What had, perhaps, been missed were the references to HMRC staff, particularly in the discussion of the first bullet point above.

Although these were comparatively anodyne, such as ‘it makes it clear and transparent to staff what is expected in working with customers’, it seems to have been the combination of HMRC staff input and the section on rights and responsibilities which caused the subsequent problems.

Rights and responsibilities

In principle, as the document outlines, there is a lot of sense in combining both rights and responsibilities in a charter. Sometimes there is an inherent link between the two:

‘a right for the customer to be presumed honest; and a duty on the customer to be honest in dealings with HMRC.’

Quite rightly the consultation document made it clear that entitlement was not linked in the same way; a failure by the taxpayer to meet a charter responsibility would not disentitle him or her to the corresponding charter right.

However, sensible though it might seem to make this link, it does rather depend what the purpose of the charter is.

From the profession’s point of view, by the middle of last year there was a strong feeling that the need for a charter, and a statutorily-backed one at that, was the only real hope of tipping the balance back on HMRC powers, where it was felt that the new rules were heavily weighted in HMRC’s favour.

So although it makes a lot of sense when starting from scratch to balance rights with responsibilities, it is not so clear that this is the right approach when the charter is seen as the taxpayer’s last line of defence against an over-powerful fiscal authority.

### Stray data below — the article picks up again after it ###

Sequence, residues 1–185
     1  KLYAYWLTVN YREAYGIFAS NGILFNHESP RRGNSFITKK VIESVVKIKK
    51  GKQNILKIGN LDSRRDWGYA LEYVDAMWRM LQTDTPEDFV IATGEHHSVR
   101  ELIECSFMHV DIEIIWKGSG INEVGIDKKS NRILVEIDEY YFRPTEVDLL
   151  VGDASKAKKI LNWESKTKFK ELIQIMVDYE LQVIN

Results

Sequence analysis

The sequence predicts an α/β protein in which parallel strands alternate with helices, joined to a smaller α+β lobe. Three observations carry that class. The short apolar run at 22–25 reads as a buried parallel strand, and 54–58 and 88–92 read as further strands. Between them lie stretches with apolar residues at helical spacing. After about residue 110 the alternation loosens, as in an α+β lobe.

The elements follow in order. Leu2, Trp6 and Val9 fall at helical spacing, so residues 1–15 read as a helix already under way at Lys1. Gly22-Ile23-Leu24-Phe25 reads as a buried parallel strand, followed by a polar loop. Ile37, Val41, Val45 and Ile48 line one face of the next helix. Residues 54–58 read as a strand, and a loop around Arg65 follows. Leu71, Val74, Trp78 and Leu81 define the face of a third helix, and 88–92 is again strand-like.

Consultation response

The summary of responses to the consultation was published in November 2008 with the pre-Budget report, and was entitled A new charter for HMRC and its customers.

Inevitably the first response was a negative one to the replacement of ‘taxpayers’ by ‘customers’, coupled with a positive reaction to the promise that there would be at least some statutory framework requiring the charter to be issued and updated.

The other announcements in the pre-budget report meant that the rest of the comments from the consultation rather took a back seat.

The consultation reinforced the view that the three elements outlined in the consultation should all be addressed by the charter, at a high-level strategic level.

However, about half of the people who thought that service standards should be included (as part of the third bullet point above) also thought that they should be included only as annexes to the main charter.

The point which perhaps was overlooked in the consultation response was the unusual level of involvement of HMRC staff in the process. As well as a list of 29 businesses and representative bodies who responded, and 13 individuals (including seven HMRC staff) who responded formally to the consultation document, there were workshops and questionnaires for HMRC staff and focus groups for ‘customers’.

Altogether 460 HMRC staff and managers and 100 individual customers responded in this way.